Selected travel fiction titles. This list was added December 2012.
Lost and Found by Carolyn Parkhurst Thrown together in a televised contest, seven unlikely couples--including two flight attendants, born-again Christians, and two former child stars--participate in a reality show in which they scour the globe in search of love and treasure.
The Edge by Dick Francis Tor Kelsey, an undercover security operative for the British Jockey Club, is assigned to protect guests on "The Great Transcontinental Mystery Race Train," individuals whose safety is imperiled by real-life murder and mayhem.
Murder on The Orient Express by Agatha Christie On a three-day journey through the snowbound Balkan hills, Hercule Poirot must weed through an array of international suspects to find the passenger who murdered a gangster on the Orient Express.
Travels With a Donkey in the Cevennes by Robert Louis Stevenson Travels with a Donkey in the CÚvennes recounts Stevenson's 12-day, 120-mile solo hiking journey through the sparsely populated and impoverished areas of the CÚvennes mountains in south-central France in 1878. The character of Modestine, a stubborn, manipulative donkey he could never quite get the better of, is memorable. It is one of the earliest accounts which presented hiking and camping outdoors as a recreational activity. It also tells of commissioning one of the first sleeping bags, large and heavy enough to require a donkey to carry.
The Spectator Bird by Wallace Stegner Retired literary agent Joe Allston passes through life as a spectator until he discovers the journals of a trip he took to his mother's birthplace years before.
The Memory of Running by Ron McLarty Smithy Ide is a middle-aged, overweight drunk -- until he loses his entire family in a matter of days. What he learns at his parents' wake sends him from Rhode Island to California...on a bicycle, still wearing his suit. On the way he comes to terms with his past, and starts looking forward to his future. -- Description by Shauna Griffin.
Sideways by Rex Pickett Jack's about to get hitched. His best friend, Miles, has divorced his wife, lost his money, been rejected by publishers left and right, and just about forgotten his passion for life. What better way for them to contemplate their last days of freedom (Jack) or reevaluate their lives (Miles) than to take off on a weeklong road trip from L.A. to the Santa Ynez wine country? Wine-loving Miles is there to take advantage of the wineries; Jack just wants to get laid. But Miles drinks too much and Jack doesn't always make the right choices; hilarious -- and occasionally dangerous -- misadventures ensue.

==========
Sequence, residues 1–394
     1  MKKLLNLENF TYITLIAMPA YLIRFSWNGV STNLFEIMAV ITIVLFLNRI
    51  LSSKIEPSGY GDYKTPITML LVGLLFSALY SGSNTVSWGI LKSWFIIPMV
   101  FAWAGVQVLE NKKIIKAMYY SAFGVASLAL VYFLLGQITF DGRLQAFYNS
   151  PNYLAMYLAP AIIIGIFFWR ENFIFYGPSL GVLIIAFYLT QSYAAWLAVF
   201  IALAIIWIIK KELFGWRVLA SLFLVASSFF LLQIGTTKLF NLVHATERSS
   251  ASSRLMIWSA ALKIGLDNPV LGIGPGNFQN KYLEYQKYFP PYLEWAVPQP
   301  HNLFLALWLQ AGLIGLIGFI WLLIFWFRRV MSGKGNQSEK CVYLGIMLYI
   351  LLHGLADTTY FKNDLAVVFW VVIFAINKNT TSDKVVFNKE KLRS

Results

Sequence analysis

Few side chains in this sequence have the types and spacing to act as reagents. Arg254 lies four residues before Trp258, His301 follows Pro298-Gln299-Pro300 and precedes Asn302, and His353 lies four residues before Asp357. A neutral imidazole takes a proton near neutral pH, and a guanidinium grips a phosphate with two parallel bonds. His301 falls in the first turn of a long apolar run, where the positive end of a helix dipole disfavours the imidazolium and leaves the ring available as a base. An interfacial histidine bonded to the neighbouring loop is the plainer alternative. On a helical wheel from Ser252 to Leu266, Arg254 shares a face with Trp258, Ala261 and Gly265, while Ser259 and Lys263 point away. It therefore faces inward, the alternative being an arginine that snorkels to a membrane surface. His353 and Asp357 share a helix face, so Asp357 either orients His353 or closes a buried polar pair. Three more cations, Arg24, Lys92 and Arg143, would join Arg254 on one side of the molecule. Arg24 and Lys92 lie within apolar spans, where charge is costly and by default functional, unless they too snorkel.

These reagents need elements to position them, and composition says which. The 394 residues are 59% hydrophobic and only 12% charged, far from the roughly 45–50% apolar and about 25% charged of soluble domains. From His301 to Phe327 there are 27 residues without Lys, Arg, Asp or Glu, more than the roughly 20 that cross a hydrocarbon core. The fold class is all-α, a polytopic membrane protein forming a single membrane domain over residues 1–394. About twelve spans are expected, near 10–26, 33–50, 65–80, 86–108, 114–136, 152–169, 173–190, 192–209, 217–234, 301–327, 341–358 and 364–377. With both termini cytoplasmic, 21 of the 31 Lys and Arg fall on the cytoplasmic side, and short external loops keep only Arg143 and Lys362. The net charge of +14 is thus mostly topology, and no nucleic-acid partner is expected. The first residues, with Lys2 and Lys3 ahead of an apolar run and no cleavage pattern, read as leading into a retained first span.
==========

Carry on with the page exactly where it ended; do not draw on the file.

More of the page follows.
On the Road by Jack Kerouac On the Road is a thinly fictionalized autobiography, filled with a cast made of Kerouac's real life friends, lover, and fellow travelers. Narrated by Sal Paradise, one of Kerouac's alter-egos, On the Road is a cross-country bohemian odyssey that not only influenced writing in the years since its 1957 publication but penetrated into the deepest level of American thought and culture.
The Christmas Train by David Baldacci Tom Langdon, a weary and cash-strapped journalist, is banned from flying when a particularly thorough airport security search causes him to lose his cool. Now, he must take the train if he has any chance of arriving in Los Angeles in time for Christmas with his girlfriend.
The Great Train Robbery by Michael Crichton The time is Victorian London with all its lavish wealth and appalling poverty. In the thriving underworld of London, we meet Edward Pierce, a handsome young man of good breeding. Pierce believes he can rob a fast moving train carrying the payroll for Crimean War troops. The train safe is supposed to be uncrackable.
Changing Planes by Ursula LeGuin A collection of short fiction offers an odyssey through mysterious other worlds, as the tourist-narrator stumbles upon other planes of existence while enduring a boring wait for a connecting flight at an airport.
Anything by Paul Theroux Exotic locales, colorful characters, and wry commentary are hallmark features of the novels and travel writing of prolific author Paul Theroux. In his travel books he frequently opts for the road (or crumbling bus) less travelled in his vivid, perceptive, candid, witty (sometimes snide) portraits of exotic landscapes, bustling communities, humble paupers, and arrogant bureaucrats. This extensive travel experience also informs his atmospheric suspense fiction, which features similarly vivid foreign settings and colorful characters in tersely written tales of intrigue involving the tumultuous political landscape within these places. Start with: The Great Railway Bazaar (nonfiction); The Mosquito Coast (fiction).